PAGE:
Abstract

This study aimed to compare the organoleptic and nutritional quality of four sheep meats produced in Morocco. This comparison was carried out by analyzing the proximate composition, amino acid profile, and mineral content of meat. The majority of the evaluated parameters were influenced by genetic and geographical factors (). The longissimus lumborum muscle had higher value in Timahdite and Ouled-Djellal breeds. The highest values of macroelement were recorded in samples of Beni-Guil meat sampled in the Tendrera region (BGT; 1067.3 mg/100 g), while the highest microelement content was registered in Timahdite meat (5.7 mg/100 g). Iron and zinc were the major identified trace elements, while phosphorus and potassium were the most abundant macroelements. The abundant amino acid was glutamic, while cysteine and methionine were least abundant. The higher essential amino acids index (IEAA) was recorded in the Timahdite sheep meat (162.20, 158.71, 161.02, and 159.65, respectively, for Timahdite, BGT, Ouled-Djellal breeds, and Beni-Guil meat sampled in Ain Beni Mathar region). From a nutritional point of view, the studied meats had a good protein and mineral quality, due to their richness in essential amino acids and microelements. The present study provided new insights on the organoleptic quality and the nutritional value of three Moroccan sheep meats reared in outdoor production system.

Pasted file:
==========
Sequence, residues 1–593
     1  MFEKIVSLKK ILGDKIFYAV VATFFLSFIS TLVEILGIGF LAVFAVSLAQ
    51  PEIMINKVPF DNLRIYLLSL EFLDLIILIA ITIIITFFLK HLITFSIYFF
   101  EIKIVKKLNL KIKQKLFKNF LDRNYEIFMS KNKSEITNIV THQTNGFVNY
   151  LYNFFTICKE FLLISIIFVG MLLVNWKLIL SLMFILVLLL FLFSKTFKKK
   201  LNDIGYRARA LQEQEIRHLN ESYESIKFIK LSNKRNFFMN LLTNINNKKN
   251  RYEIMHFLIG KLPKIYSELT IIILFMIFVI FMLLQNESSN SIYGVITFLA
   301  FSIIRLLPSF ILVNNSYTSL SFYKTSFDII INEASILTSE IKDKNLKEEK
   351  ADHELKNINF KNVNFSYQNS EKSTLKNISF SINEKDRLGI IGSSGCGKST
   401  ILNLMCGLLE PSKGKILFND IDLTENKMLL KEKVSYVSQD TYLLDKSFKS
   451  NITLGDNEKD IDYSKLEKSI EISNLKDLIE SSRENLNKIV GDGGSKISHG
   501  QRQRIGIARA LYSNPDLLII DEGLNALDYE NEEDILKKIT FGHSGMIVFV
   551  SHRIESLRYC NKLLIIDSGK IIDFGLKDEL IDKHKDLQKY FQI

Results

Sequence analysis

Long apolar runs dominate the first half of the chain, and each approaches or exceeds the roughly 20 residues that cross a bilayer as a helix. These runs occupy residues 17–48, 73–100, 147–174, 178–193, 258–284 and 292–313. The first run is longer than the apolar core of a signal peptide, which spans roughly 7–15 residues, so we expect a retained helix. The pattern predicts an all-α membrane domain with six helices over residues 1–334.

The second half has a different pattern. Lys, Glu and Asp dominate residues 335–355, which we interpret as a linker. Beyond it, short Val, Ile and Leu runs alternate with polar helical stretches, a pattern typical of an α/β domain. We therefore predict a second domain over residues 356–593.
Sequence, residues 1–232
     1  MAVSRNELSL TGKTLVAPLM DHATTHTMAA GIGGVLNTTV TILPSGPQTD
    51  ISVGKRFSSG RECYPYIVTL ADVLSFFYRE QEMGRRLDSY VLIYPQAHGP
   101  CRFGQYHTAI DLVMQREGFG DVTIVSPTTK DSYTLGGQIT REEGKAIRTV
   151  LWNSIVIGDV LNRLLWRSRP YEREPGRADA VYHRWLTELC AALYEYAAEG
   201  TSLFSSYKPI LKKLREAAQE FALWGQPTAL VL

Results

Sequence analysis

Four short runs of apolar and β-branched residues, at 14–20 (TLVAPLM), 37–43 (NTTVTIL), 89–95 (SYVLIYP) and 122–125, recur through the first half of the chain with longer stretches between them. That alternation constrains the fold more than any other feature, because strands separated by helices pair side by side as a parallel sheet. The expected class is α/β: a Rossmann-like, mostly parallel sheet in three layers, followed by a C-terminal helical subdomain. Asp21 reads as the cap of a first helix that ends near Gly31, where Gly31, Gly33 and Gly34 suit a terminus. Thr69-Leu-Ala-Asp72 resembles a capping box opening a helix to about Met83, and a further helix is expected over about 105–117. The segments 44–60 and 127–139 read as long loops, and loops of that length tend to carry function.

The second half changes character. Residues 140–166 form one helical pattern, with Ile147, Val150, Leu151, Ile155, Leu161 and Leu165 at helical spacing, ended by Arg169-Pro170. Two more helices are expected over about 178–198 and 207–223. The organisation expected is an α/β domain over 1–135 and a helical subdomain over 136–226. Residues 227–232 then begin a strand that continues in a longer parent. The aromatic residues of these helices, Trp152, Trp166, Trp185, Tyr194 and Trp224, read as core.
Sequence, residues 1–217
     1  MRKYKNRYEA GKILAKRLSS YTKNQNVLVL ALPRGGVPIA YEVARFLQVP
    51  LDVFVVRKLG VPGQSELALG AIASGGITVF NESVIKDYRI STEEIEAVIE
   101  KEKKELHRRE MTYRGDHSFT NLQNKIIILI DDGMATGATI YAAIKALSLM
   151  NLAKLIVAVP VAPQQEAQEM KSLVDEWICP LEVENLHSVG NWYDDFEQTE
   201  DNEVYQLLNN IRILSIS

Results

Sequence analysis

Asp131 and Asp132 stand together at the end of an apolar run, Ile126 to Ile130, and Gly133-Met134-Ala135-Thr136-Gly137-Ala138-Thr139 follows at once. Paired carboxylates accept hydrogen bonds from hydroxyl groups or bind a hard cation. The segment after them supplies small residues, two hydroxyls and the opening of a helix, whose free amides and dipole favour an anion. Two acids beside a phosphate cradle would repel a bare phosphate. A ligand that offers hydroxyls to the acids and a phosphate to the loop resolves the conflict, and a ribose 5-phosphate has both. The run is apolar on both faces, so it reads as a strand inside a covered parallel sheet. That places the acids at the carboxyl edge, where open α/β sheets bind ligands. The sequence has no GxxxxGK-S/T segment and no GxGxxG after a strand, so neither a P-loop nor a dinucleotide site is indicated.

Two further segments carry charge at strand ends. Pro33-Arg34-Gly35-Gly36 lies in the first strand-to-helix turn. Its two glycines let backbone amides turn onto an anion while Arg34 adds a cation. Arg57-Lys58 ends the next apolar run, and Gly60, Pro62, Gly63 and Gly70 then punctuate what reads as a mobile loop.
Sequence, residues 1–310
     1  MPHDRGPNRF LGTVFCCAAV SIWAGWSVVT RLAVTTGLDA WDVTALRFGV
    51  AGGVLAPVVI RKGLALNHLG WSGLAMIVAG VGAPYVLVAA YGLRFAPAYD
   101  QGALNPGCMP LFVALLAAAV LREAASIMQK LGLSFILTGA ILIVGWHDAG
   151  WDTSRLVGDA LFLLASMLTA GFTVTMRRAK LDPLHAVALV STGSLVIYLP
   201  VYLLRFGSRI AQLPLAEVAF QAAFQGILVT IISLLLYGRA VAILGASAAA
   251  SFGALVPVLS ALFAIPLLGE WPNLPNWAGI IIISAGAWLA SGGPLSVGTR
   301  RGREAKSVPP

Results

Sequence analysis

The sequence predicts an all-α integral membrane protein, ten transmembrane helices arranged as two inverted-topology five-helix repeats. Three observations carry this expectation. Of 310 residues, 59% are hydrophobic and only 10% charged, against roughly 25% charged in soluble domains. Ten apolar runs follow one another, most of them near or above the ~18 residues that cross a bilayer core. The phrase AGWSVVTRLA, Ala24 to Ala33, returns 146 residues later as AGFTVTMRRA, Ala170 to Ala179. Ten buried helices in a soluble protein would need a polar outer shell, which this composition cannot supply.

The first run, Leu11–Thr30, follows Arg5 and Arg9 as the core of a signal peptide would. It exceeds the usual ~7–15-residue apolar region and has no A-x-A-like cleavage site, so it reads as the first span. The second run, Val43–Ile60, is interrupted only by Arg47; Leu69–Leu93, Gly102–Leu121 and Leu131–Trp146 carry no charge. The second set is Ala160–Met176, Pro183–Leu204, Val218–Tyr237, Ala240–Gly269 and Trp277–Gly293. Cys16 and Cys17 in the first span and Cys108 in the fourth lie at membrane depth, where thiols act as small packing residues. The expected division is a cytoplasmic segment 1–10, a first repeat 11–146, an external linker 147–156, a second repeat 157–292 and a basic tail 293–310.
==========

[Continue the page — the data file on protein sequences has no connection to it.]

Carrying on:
1. Introduction